[0005] The other example is a reversible thermosensitive recording medium provided with a reversible thermosensitive recording layer comprising an electron-donating coloring compound and an electron-accepting compound as the main components, as disclosed in Japanese Laid-Open Patent Applications 5-124360, 6-210954, 5-92661, and 4-303680. In this kind of reversible thermosensitive recording medium, a color-developed state and a decolorized state are relatively formed by controlling the temperature of the recording medium in the heating operation and/or the cooling rate after the heating operation, thereby achieving image recording and erasure. As the electron-donating coloring compound, a leuco dye is usually employed, so that a variety of colors such as black and blue can be selectively produced.

[0006] Such reversible thermosensitive recording media are widely used, in particular, in the form of a card. In the conventional card-shaped reversible thermosensitive recording medium, for instance, a reversible thermosensitive recording portion is disposed in the center of the card, and a printed image portion is provided along the edge of the card, as proposed in Japanese Laid-Open Patent Application 8-15079. In the above-mentioned configuration, the reversible thermosensitive recording portion and the printed image portion are separately arranged, and an image formed in the former portion is not associated with an image formed in the latter portion. Namely, the reversibility of the reversible thermosensitive recording medium is not fully used in the conventional recording method.

SUMMARY OF THE INVENTION

[0007] Accordingly, a first object of the present invention is to provide a method of using a reversible thermosensitive recording medium, capable of fully exhibiting the function of reversibility of the reversible thermosensitive recording medium.

[0008] Further, a second object of the present invention is to provide a reversible thermosensitive recording medium for use with the above-mentioned method.

[0009] The above-mentioned first object of the present invention can be achieved by a method of using a reversible thermosensitive recording medium comprising a support, a reversible thermosensitive recording layer of which color tone is reversibly changeable with the application of heat thereto to change the temperature thereof, and a printing layer which bears a printed image A on the support, the above-mentioned method comprising the step of forming an image B in the reversible thermosensitive recording layer by heating the recording layer to an image formation temperature to complete a single composite image in combination with the printed image A.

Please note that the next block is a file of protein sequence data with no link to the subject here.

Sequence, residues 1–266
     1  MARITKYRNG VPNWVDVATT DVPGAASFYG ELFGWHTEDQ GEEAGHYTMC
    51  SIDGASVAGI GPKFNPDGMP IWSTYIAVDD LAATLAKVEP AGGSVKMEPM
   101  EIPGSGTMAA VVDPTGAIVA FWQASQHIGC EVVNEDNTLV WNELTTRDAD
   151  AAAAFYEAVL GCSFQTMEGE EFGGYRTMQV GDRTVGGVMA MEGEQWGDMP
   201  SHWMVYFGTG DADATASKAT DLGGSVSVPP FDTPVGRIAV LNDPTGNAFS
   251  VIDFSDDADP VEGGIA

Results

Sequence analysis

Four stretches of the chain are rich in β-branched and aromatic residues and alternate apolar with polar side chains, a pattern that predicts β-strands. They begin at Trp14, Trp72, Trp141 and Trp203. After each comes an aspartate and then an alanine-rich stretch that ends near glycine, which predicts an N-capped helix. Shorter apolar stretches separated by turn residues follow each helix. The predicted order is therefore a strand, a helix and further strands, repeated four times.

[0010] The second object of the present invention can be achieved by a reversible thermosensitive recording medium comprising a support, a reversible thermosensitive recording layer of which color tone is reversibly changeable with the application of heat thereto to change the temperature thereof, and a printing layer which bears a printed image A on the support, wherein when an image B is reversibly formed in the reversible thermosensitive recording layer by heating the recording layer, the image B completes a single Composite image in combination with the printed image A.

[0011] Alternatively, the second object of the present invention can also be achieved by a reversible thermosensitive recording medium comprising a support, a reversible thermosensitive recording layer of which color tone is reversibly changeable with the application of heat thereto to change the temperature thereof, the reversible thermosensitive recording layer bearing an image B therein, and a printing layer which bears a printed image A, wherein the image B and the printed image A in combination constitute a composite image.

BRIEF DESCRIPTION OF THE DRAWINGS

[0012] A more complete appreciation of the invention and many of the attendant advantages thereof will be readily obtained as the same becomes better understood by reference to the following detailed description when considered in connection with the accompanying drawings, wherein: